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Loading and structural response models for transverse deflection of circular plates subjected to near field explosions

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TypeOfResource
Text
TitleInfo (ID = T-1)
Title
Loading and structural response models for transverse deflection of circular plates subjected to near field explosions
Identifier
ETD_2779
Identifier (type = hdl)
http://hdl.rutgers.edu/1782.1/rucore10001600001.ETD.000056153
Language
LanguageTerm (authority = ISO639-2); (type = code)
eng
Genre (authority = marcgt)
theses
Subject (ID = SBJ-1); (authority = RUETD)
Topic
Mechanical and Aerospace Engineering
Subject (ID = SBJ-2); (authority = ETD-LCSH)
Topic
Blast effect
Subject (ID = SBJ-3); (authority = ETD-LCSH)
Topic
Loads (Mechanics)
Abstract (type = abstract)
This dissertation develops loading and structural response models to estimate the elastic deformation of a circular plate due to near field explosions. The loading model generates the nonuniform loading characteristic of a near field explosion on a circular plate. This loading model is unique as it uses the TNT equivalence factors for pressure and impulse separately when deriving the pressure profile. Most loading models either average the two factors together or use only one of them. An analytical model and two finite element models were developed to capture the response of the circular plate due to this nonuniform loading. The analytical model utilizes the von Kármán thin plate equations with a new assumed deformation profile developed in this dissertation. The typical deformation profile for a circular plate uses two constants to satisfy the boundary conditions. By adding torsional springs to the boundary of the plate and equating the springs' moment to the plate's internal moment, as well as carrying through with the von Kármán model, a new assumed profile is derived which has one parameter representing the boundary. This allows for a sensitivity analysis to be performed on the boundary condition parameter. In addition, this parameter has physical meaning, as it represents the stiffness of the torsional springs. The two finite element models were created using ANSYS Workbench. One is a simplified model with a constant thickness, circular plate geometry while the other has the actual geometry of the plate used in the experiments. The finite element models were created in a way to allow for the spatial and time dependent pressure loadings to be applied to the proper surface. Four experimental deformation data sets were provided by the U.S. Department of Homeland Security via the Transportation Security Laboratory. Each data set was compared to the analytical model and the two finite element models. The plate center deflection for the three structural models was found to be in good agreement with the experimental data. The results show that the loading becomes less accurate at very small scaled distances. Using the analytical model, the sensitivity of the maximum plate center deflection to parameter changes was estimated. The maximum deflection was found to be most sensitive to plate thickness. In addition, the sensitivity of maximum deflection to parameter uncertainties was calculated for the loading parameters. Depending upon the loading configuration, the greatest sensitivity to maximum deflection was found to depend on the uncertainty of a different parameter. This can be attributed to the highly nonlinear nature of this model.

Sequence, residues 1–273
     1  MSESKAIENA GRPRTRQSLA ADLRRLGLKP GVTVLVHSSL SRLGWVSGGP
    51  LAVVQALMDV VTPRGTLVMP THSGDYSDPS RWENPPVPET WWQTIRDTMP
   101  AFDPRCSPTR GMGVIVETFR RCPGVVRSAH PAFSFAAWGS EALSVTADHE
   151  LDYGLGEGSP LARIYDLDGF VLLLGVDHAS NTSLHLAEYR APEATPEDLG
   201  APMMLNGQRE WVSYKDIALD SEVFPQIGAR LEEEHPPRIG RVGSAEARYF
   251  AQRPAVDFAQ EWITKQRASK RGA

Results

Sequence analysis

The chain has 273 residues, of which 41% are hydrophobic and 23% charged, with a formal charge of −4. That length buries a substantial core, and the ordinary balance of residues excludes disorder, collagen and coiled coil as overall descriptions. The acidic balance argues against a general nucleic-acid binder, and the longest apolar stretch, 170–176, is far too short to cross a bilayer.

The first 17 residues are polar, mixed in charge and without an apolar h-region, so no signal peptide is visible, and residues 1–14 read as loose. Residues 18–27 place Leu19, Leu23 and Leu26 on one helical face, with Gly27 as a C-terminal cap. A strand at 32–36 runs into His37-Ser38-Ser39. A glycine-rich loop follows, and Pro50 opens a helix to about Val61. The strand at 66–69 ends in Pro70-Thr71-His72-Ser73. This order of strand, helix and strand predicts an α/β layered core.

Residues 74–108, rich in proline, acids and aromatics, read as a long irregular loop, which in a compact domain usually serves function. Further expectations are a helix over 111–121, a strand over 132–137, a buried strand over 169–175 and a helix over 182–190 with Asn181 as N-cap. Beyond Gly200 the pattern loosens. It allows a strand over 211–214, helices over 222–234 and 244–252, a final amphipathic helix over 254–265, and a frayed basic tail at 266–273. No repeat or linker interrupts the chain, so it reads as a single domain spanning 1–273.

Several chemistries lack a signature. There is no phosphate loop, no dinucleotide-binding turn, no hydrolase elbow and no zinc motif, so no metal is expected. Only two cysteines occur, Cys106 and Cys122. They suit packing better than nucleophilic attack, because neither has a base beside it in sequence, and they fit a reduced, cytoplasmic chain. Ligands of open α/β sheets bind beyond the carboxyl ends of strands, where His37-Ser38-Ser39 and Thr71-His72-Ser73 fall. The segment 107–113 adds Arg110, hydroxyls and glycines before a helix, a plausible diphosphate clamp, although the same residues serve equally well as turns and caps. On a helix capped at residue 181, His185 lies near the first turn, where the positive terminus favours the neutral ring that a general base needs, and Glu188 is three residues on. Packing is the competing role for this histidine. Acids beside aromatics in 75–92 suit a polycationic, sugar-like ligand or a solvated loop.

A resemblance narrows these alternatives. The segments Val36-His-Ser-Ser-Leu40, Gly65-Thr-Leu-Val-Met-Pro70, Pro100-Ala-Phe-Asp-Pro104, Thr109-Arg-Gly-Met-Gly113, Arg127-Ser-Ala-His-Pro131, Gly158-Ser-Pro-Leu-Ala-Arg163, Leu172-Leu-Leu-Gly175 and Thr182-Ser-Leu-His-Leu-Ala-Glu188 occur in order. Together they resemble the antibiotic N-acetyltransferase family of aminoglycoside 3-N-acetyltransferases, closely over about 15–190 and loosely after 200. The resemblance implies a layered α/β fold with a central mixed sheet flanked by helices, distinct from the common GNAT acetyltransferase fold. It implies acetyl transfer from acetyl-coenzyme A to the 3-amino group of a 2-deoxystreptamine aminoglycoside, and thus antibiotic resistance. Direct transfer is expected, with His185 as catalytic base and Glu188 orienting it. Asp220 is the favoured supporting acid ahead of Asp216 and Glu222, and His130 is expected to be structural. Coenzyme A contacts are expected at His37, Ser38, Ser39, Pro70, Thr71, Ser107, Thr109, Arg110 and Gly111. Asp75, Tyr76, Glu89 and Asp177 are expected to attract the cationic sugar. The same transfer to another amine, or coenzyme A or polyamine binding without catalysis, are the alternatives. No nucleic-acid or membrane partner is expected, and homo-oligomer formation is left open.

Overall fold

PhysicalDescription
Form (authority = gmd)
electronic resource
Extent
xviii, 95 p. : ill.
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application/pdf
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text/xml
Note (type = degree)
Ph.D.
Note (type = bibliography)
Includes bibliographical references
Note (type = vita)
Includes vita
Note (type = statement of responsibility)
by Elan Borenstein
Name (ID = NAME-1); (type = personal)
NamePart (type = family)
Borenstein
NamePart (type = given)
Elan
NamePart (type = date)
1979-
Role
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author
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Elan Borenstein
Name (ID = NAME-2); (type = personal)
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Benaroya